by Michael Schwanke & Pilar Pedraza
KWCH 12 Eyewitness News
11:27 PM CDT, June 11, 2012
Wichita teachers protested outside as the Wichita School Board got its first look at next year’s budget. Although very few details were presented, Superintendent John Allison says the district is basically “treading water” when it comes to next year’s budget.
He says lawmakers in Topeka have given school districts very little time to figure out next year’s budget so there are a lot of uncertainties right now.
There’s one thing that stands out in the budget this year and that’s teacher salaries. A one percent raise would mean several million dollars for the district. The union is asking for a three percent raise with tracks, steps, longevity and back pay.
That would cost the district more than $46 million.
Allison says if the district could come up with the money for next year, he worries about future years if funding is cut. He says that could mean pay cuts and layoffs.
The board will meet again on June 25. Allison says the district should have a better idea on funding from the state. The board should approve the budget on July 23.
“Surrounding districts have gotten pay increases in the past few years,” said Larry Landwehr of the United Teachers of Wichita Union. Now, Wichita teachers say they deserve raises too. Teachers are expected at tonight's school board meeting, where they plan to rally for a pay increase. That's also where the superintendent will give school board members their first look at the 2012-13 budgeting process.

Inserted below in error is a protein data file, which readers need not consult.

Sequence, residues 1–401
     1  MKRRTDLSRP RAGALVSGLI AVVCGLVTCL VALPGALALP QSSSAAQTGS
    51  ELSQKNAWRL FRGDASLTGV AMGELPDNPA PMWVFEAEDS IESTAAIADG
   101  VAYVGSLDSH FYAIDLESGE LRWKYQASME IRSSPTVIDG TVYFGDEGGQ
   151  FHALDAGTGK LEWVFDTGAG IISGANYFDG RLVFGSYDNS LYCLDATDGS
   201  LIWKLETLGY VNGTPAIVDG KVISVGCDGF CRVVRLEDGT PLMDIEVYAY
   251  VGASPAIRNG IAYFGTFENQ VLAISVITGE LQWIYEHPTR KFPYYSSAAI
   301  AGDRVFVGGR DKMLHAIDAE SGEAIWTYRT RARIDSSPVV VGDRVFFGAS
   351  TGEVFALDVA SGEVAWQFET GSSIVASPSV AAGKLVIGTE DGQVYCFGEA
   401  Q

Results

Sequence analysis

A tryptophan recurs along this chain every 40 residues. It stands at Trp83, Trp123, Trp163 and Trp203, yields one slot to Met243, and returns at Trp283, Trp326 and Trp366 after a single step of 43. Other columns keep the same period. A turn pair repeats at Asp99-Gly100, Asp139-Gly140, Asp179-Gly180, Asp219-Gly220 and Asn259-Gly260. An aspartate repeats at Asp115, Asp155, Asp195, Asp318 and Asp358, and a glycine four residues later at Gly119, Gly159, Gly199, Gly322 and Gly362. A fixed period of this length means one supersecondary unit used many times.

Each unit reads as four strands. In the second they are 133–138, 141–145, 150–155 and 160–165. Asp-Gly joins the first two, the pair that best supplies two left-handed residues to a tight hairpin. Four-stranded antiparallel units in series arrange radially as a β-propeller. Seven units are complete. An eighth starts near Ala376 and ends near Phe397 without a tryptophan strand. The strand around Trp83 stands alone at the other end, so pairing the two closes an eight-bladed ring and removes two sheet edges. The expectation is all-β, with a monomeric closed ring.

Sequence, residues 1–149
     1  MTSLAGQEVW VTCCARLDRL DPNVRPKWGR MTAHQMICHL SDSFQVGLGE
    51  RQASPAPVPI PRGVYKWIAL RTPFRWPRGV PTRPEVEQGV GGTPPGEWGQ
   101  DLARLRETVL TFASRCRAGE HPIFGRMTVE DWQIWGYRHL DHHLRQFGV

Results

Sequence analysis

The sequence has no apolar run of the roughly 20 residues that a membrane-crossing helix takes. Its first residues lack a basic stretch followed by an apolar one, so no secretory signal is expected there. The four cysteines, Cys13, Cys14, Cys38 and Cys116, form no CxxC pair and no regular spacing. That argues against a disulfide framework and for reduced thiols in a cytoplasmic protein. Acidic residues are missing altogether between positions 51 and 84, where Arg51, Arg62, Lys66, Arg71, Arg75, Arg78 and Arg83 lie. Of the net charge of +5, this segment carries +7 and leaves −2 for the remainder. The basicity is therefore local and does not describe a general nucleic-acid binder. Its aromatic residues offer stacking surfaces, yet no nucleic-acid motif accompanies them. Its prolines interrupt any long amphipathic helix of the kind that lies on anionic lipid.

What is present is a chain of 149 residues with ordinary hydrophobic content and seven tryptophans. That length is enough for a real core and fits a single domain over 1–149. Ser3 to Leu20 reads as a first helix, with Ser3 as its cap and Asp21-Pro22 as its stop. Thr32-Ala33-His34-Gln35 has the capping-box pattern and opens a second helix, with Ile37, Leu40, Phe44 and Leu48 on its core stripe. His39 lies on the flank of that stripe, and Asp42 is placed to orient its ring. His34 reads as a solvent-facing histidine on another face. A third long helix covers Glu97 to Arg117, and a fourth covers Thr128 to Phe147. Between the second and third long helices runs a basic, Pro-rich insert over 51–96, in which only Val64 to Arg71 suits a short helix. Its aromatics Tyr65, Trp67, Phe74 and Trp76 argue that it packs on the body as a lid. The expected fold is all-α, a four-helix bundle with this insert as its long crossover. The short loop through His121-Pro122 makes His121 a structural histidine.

It comes down to the fact the district had to wait for final numbers from the state budget, which was just completed late last month, before it could begin to set its budget. This, even as the district tries to negotiate a new contract with its teachers, teachers who haven't had a pay raise in years.
“I think they need to show that they value their educators, these people here that are working so hard,” said Brent Lewis, a Wichita teacher.
Landwehr added, “Compensation's always a big deal. Everyone who has a job likes to be rewarded for the job they do.”
Teacher pay has been the sticking point in negotiations between the teachers' union and the Wichita School District. One won't talk about anything else until compensation is dealt with. The other has said it can't discuss compensation until a budget is set. Right now, negotiations are at an impasse with a mediator scheduled to come in to help in a couple weeks.
Now that the key budgeting process is about to get underway, teachers are keeping a close eye on it.
“I just hope that we're not spending more money on things that will make the jobs more difficult,” said Landwehr.
Their hopes? That money can be found to pay back teachers who've stuck it out despite the pay freeze and even sought out advanced degrees.
“So they put out lots of money of their own pocket in order to get that Master's degree or specialist's degree. Yet they're not being compensated for it,” Landwehr said.
“There are many ways that they can do that,” added Lewis. “Possibly within the budget. But a lot of things, it doesn't take money.”
That 'other means' Lewis was talking about? Bringing teachers in on discussions before major decisions are made about things like teacher training and student management. That's what the educators gathered outside North High before the school board meeting tonight were rallying about. They called it the Support Our Educators Rally. Their main point, they want a voice in the discussion.
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